Tell the DOJ: Investigate and Enforce CDC Guidelines on COVID-19 in Prisons

Michael E. Horowitz, Inspector General of the Department of Justice (DOJ) and Robert R. Redfield, MD, Director of the Centers for Disease Control and Prevention

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Photo by Jordan Mazurek, from Aug 22, 2020 Mass Memorial in Tallahassee for People Killed by COVID-19 in FL Prisons

Sign this petition demanding both investigation and enforcement action to stop the rampant spread of COVID-19 among prisoners who are unable to socially distance or access proper PPE to protect themselves.

Reducing the number of people behind bars must be the number one priority.

This petition will be delivered to DOJ staff, as well the Center for Disease Control (CDC), to call for immediate action. While the CDC has acknowledged the danger in prisons, it has fallen short of advocating the level of decarceration that is needed to truly implement its guidelines.

There are over 6000 state, local and federal prisons across the United States. Many of them have become hotspots of Covid-19, with disproportionately high impacts among Black and Latinx prisoners, particularly in Southern states.

A recent statement from the DOJ in regards to public nursing homes offers an example of the sort of power they have to push state, federal and local facilities towards safer settings for vulnerable prisoner populations

The Department of Justice’s Civil Rights Division announced on Aug 26, 2020 that is looking towards investigations under the federal “Civil Rights of Institutionalized Persons Act” (CRIPA), which protects the civil rights of persons in state-run nursing home facilities. This can and should be applied to prisons and jails.

In that statement, Assistant Attorney General for Civil Rights Division Eric Dreiband stated that “Protecting the rights of some of society’s most vulnerable members...is one of our country’s most important obligations.”

We agree.

According to their website's Pandemic Response Oversight page, the DOJ has completed two reports on COVID-19 in prisons (one in Lompoc, CA, the other at FCC Tucson, AZ). This is a start, but its not enough.  
Research from Johns Hopkins and UCLA shows prisoners are 550% more likely to catch COVID-19, and 300% more likely to die from it than the general population.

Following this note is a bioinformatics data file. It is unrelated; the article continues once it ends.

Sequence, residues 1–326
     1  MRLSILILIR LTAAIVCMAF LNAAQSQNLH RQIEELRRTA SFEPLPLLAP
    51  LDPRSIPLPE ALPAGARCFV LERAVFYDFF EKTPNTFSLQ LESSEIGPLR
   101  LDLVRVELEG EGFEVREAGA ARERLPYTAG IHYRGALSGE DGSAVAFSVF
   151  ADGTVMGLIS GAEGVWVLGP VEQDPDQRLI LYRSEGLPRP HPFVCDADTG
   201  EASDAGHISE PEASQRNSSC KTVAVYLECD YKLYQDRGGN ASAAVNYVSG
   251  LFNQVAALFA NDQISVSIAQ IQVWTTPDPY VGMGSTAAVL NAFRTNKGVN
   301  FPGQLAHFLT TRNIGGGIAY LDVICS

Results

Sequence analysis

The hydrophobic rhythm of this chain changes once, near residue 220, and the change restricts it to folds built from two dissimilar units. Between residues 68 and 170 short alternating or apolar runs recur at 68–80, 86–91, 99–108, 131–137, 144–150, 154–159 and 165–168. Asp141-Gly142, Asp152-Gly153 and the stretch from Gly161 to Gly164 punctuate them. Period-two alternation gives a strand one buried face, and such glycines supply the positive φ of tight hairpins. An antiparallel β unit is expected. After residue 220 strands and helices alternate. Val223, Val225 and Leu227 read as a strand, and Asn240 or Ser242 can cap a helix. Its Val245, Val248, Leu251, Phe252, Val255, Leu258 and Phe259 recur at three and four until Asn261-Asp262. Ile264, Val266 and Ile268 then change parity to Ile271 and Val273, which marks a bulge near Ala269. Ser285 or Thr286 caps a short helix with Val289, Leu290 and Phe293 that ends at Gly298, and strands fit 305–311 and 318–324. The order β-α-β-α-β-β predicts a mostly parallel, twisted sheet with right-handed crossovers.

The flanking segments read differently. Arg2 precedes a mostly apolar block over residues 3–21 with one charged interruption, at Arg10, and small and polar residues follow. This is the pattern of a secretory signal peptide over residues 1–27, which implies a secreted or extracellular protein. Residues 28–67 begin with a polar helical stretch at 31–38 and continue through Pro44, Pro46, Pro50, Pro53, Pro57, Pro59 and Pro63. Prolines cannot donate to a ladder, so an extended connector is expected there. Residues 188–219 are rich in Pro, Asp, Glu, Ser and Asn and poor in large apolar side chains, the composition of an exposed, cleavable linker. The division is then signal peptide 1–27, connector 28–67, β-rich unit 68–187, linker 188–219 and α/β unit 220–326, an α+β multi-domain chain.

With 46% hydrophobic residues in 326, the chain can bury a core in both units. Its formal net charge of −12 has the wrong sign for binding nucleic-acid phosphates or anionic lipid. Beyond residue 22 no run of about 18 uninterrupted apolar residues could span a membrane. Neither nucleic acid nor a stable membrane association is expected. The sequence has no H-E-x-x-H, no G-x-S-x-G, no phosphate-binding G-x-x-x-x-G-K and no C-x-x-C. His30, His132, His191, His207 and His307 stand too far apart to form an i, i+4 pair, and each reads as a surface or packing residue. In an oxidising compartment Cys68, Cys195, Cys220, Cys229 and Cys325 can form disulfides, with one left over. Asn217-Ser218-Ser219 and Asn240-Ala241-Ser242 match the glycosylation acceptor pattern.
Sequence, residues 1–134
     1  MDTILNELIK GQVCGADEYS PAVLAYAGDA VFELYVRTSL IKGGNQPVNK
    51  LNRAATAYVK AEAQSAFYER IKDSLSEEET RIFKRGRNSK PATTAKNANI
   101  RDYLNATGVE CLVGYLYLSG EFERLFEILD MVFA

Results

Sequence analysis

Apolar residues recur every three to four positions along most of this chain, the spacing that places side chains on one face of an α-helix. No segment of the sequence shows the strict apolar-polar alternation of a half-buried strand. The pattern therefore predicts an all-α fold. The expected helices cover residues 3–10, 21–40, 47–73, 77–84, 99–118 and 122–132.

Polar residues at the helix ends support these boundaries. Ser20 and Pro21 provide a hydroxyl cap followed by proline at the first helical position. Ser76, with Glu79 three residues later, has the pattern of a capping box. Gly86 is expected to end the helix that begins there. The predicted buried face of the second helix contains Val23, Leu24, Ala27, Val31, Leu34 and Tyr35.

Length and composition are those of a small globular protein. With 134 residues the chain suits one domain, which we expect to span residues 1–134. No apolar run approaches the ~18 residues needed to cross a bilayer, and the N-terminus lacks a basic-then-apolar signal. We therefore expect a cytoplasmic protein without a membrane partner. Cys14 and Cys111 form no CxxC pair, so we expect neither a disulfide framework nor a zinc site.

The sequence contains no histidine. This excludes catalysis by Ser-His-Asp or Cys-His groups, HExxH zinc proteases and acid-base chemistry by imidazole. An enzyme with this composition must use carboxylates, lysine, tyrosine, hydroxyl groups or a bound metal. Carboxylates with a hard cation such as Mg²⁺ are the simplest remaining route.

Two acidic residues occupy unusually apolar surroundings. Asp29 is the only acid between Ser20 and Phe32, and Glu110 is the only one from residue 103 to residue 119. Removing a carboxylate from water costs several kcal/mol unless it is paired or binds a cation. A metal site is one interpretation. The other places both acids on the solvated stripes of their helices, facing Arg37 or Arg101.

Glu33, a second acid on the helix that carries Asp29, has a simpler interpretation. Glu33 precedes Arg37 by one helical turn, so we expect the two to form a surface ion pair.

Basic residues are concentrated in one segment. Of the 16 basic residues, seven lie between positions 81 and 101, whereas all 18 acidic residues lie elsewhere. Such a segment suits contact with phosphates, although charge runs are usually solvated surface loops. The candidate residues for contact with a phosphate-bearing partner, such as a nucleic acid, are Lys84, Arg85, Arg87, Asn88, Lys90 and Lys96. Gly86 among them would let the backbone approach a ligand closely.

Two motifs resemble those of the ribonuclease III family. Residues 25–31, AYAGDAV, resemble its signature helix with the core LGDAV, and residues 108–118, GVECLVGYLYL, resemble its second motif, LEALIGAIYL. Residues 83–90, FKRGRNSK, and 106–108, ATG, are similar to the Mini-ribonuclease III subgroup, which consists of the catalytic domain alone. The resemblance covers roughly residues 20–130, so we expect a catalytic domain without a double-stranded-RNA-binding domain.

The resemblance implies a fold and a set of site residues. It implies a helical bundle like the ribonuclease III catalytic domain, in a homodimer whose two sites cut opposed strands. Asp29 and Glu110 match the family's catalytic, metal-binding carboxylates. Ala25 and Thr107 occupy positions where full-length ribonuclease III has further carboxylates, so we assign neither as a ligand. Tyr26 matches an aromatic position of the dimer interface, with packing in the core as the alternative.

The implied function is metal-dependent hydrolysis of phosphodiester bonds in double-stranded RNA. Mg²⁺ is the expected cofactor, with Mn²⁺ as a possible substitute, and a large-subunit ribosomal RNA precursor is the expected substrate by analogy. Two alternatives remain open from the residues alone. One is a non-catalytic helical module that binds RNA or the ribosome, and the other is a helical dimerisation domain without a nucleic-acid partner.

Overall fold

According to the New York Times COVID-19 Case Tracker, in mid-August 84 of the top 100 COVID-19 outbreak hotspots in the country were prisons and jails. Fifteen of them located in Florida’s incarceration system alone.

A DOJ investigation into these state prisons systems could apply significant pressure to force life-saving changes.

If we do not get a sufficient response, we will take the issue to the United Nations to call for international attention on the reckless negligence of U.S. institutions with regards to the lives of prisoners in this pandemic.
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To: Michael E. Horowitz, Inspector General of the Department of Justice (DOJ) and Robert R. Redfield, MD, Director of the Centers for Disease Control and Prevention
From: [Your Name]

The DOJ must conduct rigorous investigation and swift enforcement action, with support from the CDC, to stop the rampant spread of COVID-19 among prisoners who are unable to socially distance or access proper PPE to protect themselves.

There are over 6000 state, local and federal prisons across the United States. Many of them have become hotspots of Covid-19, with disproportionately high impacts among Black and Latinx prisoners​, particularly in Southern states​.

A recent statement from the DOJ in regards to public nursing homes​ offers an example of the sort of power your agency has to push state, federal and local facilities towards safer settings for vulnerable prisoner populations

The Department of Justice’s Civil Rights Division announced on Aug 26, 2020 that it is looking towards investigations under the federal “Civil Rights of Institutionalized Persons Act” (CRIPA), which protects the civil rights of persons in state-run​ nursing home facilities. This can and should be applied to prisons and jails.

In that statement, ​Assistant Attorney General for Civil Rights Division Eric Dreiband stated that ​“Protecting the rights of some of society’s most vulnerable members...is one of our country’s most important obligations.”

I agree.

According to your website's Pandemic Response Oversight​ page, your agency has completed two reports on COVID-19 in prisons (one in Lompoc, CA, the other at FCC Tucson, AZ). This is a start, but its not enough.

Research from Johns Hopkins and UCLA shows prisoners are 550% more likely to catch COVID-19, and 300% more likely to die from it than the general population.

According to the New York Times COVID-19 Case Tracker, 84 of the top 100 COVID-19 outbreak hotspots in the country are prisons and jails, 15 of them, for example are located in Florida’s incarceration system alone.

A DOJ investigation into these state prisons systems adherence to CDC guidelines could apply significant pressure to force life-saving changes.

Please confirm receipt of this message and send your response to: INFO@NATIONINSIDE.ORG